The Forgiveness of Sins

 

Thus much for the first benefit bestowed on the church; the second is forgiveness of sins, which may be thus described: Forgiveness of sins is a blessing of God upon His church procured by the death and passion of Christ, whereby God esteems of sin, as no sin, or, as not committed. In this description I have couched four points, which we are severally to consider:

 

1. The first: Who is the author of forgiveness of sins? Answer: God, whose blessing it is; for sin is only committed against God, and the violating of His laws and commandments are properly sins. And the offence done to any man or creature is no more in itself, but an offence or injury; yea the breach of manŐs commandment is no sin, unless it do imply withal the breach of GodŐs commandment. Therefore it is a prerogative belonging to God alone to pardon sin; and when we are taught to say (Luke 11:4), Forgive us our trespasses, as we forgive them that trespass against us, the meaning is not that we forgive sins as they are sins, but only as trespasses, that is, losses, hurts, and damages done unto us by men. It may be further said, God hath given this power and commandment to His ministers to forgive sins, saying (John 20:23), Whose sins ye remit, they are remitted. Answer: GodŐs ministers do not properly forgive sins, but only in the name of God according to His Word pronounced to a penitent sinner that his sins are pardoned and forgiven of God; and therefore it is a most certain truth that none can forgive sins but God only (Mark 2:7); it was avouched by the Pharisees and not denied by Christ. Hence it follows that remission of sin, being once granted, remains for ever, because GodŐs love unto the elect is unchangeable, and His decree concerning their salvation cannot be altered.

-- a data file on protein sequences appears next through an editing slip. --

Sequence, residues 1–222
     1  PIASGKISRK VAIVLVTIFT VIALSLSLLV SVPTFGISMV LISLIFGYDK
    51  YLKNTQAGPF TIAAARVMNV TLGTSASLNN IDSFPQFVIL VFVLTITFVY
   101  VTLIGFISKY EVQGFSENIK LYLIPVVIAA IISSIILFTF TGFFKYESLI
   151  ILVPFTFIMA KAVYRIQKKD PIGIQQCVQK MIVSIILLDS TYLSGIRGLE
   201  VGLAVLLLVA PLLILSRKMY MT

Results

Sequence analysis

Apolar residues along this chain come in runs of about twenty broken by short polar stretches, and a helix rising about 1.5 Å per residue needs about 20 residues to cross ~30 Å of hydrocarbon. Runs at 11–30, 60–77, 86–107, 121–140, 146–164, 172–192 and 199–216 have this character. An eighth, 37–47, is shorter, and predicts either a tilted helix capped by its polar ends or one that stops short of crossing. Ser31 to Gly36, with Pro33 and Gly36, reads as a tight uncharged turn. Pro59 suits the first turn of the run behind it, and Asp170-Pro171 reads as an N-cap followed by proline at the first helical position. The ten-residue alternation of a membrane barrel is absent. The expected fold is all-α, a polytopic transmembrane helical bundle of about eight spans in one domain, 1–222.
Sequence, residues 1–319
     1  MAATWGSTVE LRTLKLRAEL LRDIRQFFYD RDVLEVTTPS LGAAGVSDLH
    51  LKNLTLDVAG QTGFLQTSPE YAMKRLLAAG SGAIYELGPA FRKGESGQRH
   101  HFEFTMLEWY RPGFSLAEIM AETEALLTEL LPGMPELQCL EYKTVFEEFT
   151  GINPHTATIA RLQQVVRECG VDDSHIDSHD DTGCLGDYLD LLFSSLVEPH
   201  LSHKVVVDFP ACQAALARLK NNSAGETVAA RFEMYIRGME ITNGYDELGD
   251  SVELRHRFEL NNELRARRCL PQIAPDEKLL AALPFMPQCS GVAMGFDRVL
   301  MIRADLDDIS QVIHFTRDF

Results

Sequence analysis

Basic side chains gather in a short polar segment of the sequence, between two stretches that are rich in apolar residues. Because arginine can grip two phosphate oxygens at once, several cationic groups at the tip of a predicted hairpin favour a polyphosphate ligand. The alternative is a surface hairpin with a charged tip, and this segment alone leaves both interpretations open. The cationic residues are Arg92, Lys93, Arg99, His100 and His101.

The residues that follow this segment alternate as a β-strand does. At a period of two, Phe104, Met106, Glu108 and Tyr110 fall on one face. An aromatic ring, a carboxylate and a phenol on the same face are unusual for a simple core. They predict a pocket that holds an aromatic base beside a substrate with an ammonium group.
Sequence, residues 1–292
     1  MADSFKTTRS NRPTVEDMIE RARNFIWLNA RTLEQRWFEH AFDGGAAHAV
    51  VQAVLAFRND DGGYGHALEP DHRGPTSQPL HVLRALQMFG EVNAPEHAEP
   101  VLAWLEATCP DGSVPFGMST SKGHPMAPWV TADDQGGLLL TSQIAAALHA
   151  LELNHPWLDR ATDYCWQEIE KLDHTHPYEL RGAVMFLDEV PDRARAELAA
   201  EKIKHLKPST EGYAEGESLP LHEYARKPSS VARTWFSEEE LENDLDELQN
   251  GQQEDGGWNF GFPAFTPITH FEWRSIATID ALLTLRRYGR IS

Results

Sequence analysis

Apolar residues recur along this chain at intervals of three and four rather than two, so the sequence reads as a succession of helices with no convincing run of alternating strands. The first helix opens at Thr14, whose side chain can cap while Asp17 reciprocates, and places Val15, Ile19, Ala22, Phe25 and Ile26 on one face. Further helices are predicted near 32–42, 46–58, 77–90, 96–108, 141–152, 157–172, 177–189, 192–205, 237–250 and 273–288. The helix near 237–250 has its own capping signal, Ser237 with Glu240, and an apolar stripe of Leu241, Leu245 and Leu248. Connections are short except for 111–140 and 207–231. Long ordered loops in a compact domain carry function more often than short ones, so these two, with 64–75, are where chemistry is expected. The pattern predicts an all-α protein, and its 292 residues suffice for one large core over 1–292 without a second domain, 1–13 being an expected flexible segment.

2. The second point is, to whom remission of sins is given? Answer: To the catholic church, that is, to the whole company of men predestinated to salvation; as Isaiah saith (Isa. 33:24), The people that dwell therein (that is, the church) shall have their sins forgiven. And (Isa. 62:12), They shall call them the holy people, the redeemed of the Lord; and thou shalt be named, A city sought out, and not forsaken. And if there had been an universal remission of sins to all men, as some do dream, it should not here have been made a peculiar prerogative of the church.

 

3. The third point is, what is the means whereby pardon of sin is procured at GodŐs hand? Answer: The death and passion of Christ; so Paul saith (1 Cor. 15:3), Christ died for our sins; that is, Christ died to be a payment and satisfaction to GodŐs justice for our sins. And St John saith (1 John 1:7), The blood of Jesus Christ His Son cleanseth us from all sin. And Peter saith (1 Pet. 1:18,19), Knowing that ye were not redeemed with corruptible things, as silver and gold, from your vain conversation etc., but with the precious blood of Christ, as of a lamb undefiled and without spot.

 

4. The fourth point is, after what manner sin is forgiven? Answer: By an action of God, whereby for the merit of Christ, He esteems and accounts sin as no sin, or, as if it had never been committed. Therefore David saith (Psa. 32:2), Blessed is the man to whom the Lord imputeth no sin. And (Isa. 44:22) the Lord saith, I have put away thy transgressions like a cloud, and thy sins as a mist. Now we know that clouds and mist which appear for a time, are afterward by the sun utterly dispersed. And King Hezekiah, when he would shew that the Lord hath forgiven him his sins, saith ((Isa. 38:17), God hath cast them behind His back, alluding to the manner of men, who when they will not remember or regard a thing, do turn their backs upon it. And Micah saith (Mic. 7:19) that God doth cast all the sins of His people into the bottom of the sea, alluding to Pharaoh, whom the Lord drowned in the bottom of the Red Sea. And Christ hath taught us to pray thus (Matt. 6:12): Forgive us out debts, as we forgive our debtors; in which words is an allusion to our creditors, who then forgive debts when they account that which is debt as no debt, and cross the book. Hence it appears that damnable and vile is the opinion of the church of Rome, which holdeth that there is a remission of the fault without a remission of the punishment; and herewithal falls to the ground the doctrine of human satisfactions, and indulgences, and purgatory, and prayer for the dead, built upon this foundation, which are of the same kind.

 

Moreover, we must remember to add to this clause, I believe, and then the meaning is this: I do not only believe that God doth give pardon of sin to His church and people (for that the very devils believe), but withal I believe the forgiveness of mine own particular sins. Hence it appears that it was the judgment of the primitive church, that men should believe the forgiveness of their own sins.